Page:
In the latest episode of Marketing Tech Talk, Matthew Gonnering, Widen CEO sits down with Jim Scott. Jim worked for Elkay Manufacturing for 33 years before retiring. Elkay is an American-owned manufacturer of stainless steel sinks for residential and commercial use. Today, Elkay Plumbing Products delivers world class sinks, faucets, foodservice products, water coolers, drinking fountains and award winning rapid bottle filling stations. Jim’s position as product manager afforded him the ability to oversee more than just marketing operations for Elkay’s plumbing products, but make no mistake about it, he understands the power of marketing, he believes in it, and used it as not only as a tool, but as an overall philosophy to greatly increase sales over his presidency. We noticeably take a break from talking about the “technology” portion of martech in today’s episode, as Jim retired prior to the major boom in martech. But he brings us back home to the basics, including the 4 P’s of marketing. Sometimes you just have to go back a little bit before you look forward. Jim is a great one to learn from.
At 3:30, Jim gives an overview of his career at Elkay. In his last 10 years, he became president of the plumbing products group and helped grow the business from $190 million to $400 million before his retirement in 2008. After retirement he continued to work in PR and advertising as a consultant, including working with Nielsen Expositions, currently Emerald Expositions, to get KBIS, the largest kitchen and bath trade show, back on track after the housing downturn in 2009.
At 8:54, Jim talks about how he looked for opportunities to change and grow the business. He did not want to maintain the status quo. He identified that “Designers” were the new influencers in the kitchen and bath industry, and Elkay was not talking to them. They were talking to wholesalers. Jim went back to Marketing 101 and adjusted the 4 P’s so Elkay could target these new influencers.
At 25:55, Matthew asks Jim what marketing’s role in this change over. Jim said Initially there was resistance because Elkay was doing “good.” Jim them quotes Jim Collins from his book Good to Great that “Being good is the enemy of being great.” They learned what marketing really was. All marketing starts with a great product…their job was to create great product and then tell the story. Marketing became less of a department, and more of a philosophy for everyone in the company. The entire organization became marketers.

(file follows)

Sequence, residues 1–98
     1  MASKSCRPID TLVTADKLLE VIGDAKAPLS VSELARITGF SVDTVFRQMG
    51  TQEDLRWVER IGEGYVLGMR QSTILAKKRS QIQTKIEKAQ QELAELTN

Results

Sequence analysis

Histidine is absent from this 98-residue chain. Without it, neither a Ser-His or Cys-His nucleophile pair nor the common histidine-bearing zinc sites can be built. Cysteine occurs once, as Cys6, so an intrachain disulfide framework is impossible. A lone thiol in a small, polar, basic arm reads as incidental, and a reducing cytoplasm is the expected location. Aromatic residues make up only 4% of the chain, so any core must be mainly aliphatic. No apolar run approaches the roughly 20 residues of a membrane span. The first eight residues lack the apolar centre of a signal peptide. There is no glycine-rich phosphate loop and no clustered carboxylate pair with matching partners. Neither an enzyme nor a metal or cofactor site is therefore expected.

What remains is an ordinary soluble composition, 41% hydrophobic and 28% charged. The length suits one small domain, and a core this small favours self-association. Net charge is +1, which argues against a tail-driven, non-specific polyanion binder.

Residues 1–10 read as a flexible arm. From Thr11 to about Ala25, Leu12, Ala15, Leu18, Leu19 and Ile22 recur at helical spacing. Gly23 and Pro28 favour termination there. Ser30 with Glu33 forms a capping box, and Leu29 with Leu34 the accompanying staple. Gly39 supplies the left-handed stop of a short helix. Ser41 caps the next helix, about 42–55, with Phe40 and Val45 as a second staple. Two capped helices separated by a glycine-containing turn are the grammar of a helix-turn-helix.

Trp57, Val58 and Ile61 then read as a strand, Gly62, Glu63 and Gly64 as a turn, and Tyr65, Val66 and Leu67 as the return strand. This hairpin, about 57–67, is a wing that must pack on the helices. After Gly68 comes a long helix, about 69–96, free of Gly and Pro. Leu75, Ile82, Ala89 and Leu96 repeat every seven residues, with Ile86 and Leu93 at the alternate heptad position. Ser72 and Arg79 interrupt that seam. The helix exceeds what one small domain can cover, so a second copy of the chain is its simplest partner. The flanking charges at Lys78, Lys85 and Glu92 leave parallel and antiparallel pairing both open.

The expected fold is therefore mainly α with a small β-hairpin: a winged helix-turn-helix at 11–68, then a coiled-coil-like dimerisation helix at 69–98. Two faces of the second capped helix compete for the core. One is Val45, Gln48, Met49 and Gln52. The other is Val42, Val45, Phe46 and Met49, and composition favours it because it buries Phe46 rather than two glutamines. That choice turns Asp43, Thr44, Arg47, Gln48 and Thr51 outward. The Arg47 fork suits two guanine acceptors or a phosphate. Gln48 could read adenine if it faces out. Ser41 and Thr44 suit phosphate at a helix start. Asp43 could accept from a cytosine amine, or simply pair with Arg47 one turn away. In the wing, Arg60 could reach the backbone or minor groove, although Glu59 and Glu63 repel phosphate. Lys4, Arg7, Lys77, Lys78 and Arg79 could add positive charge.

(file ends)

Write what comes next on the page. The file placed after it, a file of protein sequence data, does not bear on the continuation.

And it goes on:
At 36:08, Jim outlines how important it is that everyone in the organization was on the same page with understanding the marketing plan and the overarching marketing philosophy. Before they were on the same page, the manufacturing department didn’t know what they were planning when tooling would arrive and they had no idea what to do with it.
At 40:20, Jim outlines how they reorganized with more of a “product manager” focus, where product managers were responsible for understanding market opportunities. They later on switched to more of a market focus where people were assigned a market, and were responsible for understanding Elkay’s entire product line that applying the best products.
At 43:14, Jim focuses on two of the four P’s of marketing, the Product and Place, and outlines a four quadrant approach to supporting products and markets. Noting that new products in new markets also presented the most risk, Elkay focused their efforts on either taking existing products to new markets, or developing new products for their existing markets.
At 53:00, Matthew asks Jim about he aligned with the new influencers in their industry. Kitchen and bath designers became the big influencers for Elkay. They’re not the direct customer, but they significantly influence the homeowner or remodeler that would become the customer. Jim outlines many of the changes they made to their marketing materials to cater to the kitchen and bath designer vs their old catalogs that catered to wholesalers.